September 24, 2013
Flexible Peaking Resource
Many types of electricity storage are well-suited to provide what is often referred to as “peaking” electric supply resources. Peaking resources are an important element of utilities’ portfolio of electric supply resources that are used to serve peak demand for electricity. The operational role for peaking resources (generation and demand-side) during a day with high peak demand is depicted graphically in Figure 1 below. (Figure 1 depicts a typical electric resources “stack.”)
As shown in Figure 1, peakers are the last power plants to be turned on and the last to be called upon (dispatched) to provide power during times when peak demand occurs.
Typically, peak demand occurs during what is sometimes called “on-peak” hours, times when electricity use and price are highest. In most regions, annual peak demand occurs during summer afternoon hours for durations ranging from four to six hours (e.g., Noon to 6:00 pm). A key driver of peak demand that occurs during hot summer days is air conditioning (cooling).
Perhaps not surprisingly, a generation plant that is used to serve peak demand is often referred to as a peaker. For most situations, peakers are simple cycle combustion turbine (CT) generation. CTs are mature, familiar and responsive. However, CT peaker plants tend to have relatively low fuel efficiency, and they tend to have relatively high air emissions (per kWh of energy generated), especially when operated at part load. Other common generation-related means to address peak demand include: a) reciprocating engines, especially diesel generators (gen-sets), b) less responsive natural gas fired steam generation plants, c) hydroelectric generation, d) photovoltaics (PV) and e) solar thermal generation.
Three “demand-side” alternatives to peakers exist. They reduce electric demand during on-peak times which reduces the need for peakers. First are electricity end-user energy efficiency measures that reduce peak demand coincidentally. Second is demand response (DR) which involves direct control of electricity using equipment – by the grid system operator, with the end-user’s consent – such that electric power draw is reduced. Third, utilities are using increasingly rich pricing mechanisms for energy and/or power that are used during peak demand periods. Pricing involves high or very price for electric energy and/or power during peak demand periods.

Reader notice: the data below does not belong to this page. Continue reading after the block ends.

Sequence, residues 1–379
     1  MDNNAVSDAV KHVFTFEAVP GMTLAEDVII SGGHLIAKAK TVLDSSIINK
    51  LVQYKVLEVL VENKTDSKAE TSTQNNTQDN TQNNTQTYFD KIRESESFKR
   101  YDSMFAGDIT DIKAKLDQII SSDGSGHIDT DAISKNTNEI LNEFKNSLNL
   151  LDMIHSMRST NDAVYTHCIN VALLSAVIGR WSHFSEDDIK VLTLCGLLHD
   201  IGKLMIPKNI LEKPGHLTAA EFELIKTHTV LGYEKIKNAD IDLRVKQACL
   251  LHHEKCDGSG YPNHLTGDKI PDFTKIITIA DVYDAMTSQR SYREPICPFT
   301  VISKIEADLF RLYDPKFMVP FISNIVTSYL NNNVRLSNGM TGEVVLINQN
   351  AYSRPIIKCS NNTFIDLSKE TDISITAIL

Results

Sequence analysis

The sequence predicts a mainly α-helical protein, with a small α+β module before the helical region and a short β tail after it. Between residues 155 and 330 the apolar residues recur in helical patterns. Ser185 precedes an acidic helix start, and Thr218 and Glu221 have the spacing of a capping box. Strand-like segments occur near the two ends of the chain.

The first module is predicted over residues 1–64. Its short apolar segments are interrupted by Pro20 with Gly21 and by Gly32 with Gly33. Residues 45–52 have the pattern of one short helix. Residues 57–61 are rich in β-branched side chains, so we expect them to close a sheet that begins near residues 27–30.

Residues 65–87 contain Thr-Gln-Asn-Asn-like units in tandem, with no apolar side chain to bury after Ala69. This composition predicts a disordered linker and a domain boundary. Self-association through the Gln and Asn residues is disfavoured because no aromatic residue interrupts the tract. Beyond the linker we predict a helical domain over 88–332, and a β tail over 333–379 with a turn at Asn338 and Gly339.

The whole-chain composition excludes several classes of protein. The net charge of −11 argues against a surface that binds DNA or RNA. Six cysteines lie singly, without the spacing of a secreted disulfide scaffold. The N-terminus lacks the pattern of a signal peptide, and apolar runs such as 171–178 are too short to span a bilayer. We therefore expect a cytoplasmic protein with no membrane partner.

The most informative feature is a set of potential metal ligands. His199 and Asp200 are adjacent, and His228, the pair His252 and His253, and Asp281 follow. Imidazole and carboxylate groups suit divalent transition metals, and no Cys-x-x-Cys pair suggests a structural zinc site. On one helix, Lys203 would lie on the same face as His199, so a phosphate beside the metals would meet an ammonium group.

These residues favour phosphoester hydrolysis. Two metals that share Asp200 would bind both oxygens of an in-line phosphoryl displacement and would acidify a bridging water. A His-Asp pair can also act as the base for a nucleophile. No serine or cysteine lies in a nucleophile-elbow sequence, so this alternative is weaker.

Electricity storage is a compelling alternative to peakers and to demand-side approaches to manage peak demand. Indeed, there is a significant amount of utility-owned pumped hydroelectric storage capacity installed that is used extensively as peaking resources.
Although storage may have a higher up-front cost than peakers or demand-side alternatives,storage is a very responsive and flexible peaking resource that can provide more utility and benefits. So, despite storage’s relatively high up-front cost, additional benefits are likely to accrue – relative to use of peakers or demand-side approaches – such that the overall net benefit from the storage exceeds the net benefit from alternatives.
Some important advantages of storage – used to serve peak demand – include the following:
Storage can serve a broader array of applications than peakers or demand-side approaches.
Most storage types tend to startup much faster than peakers and their output can be varied – ramping – much more rapidly than peakers’ output, so storage is a significantly more flexible alternative.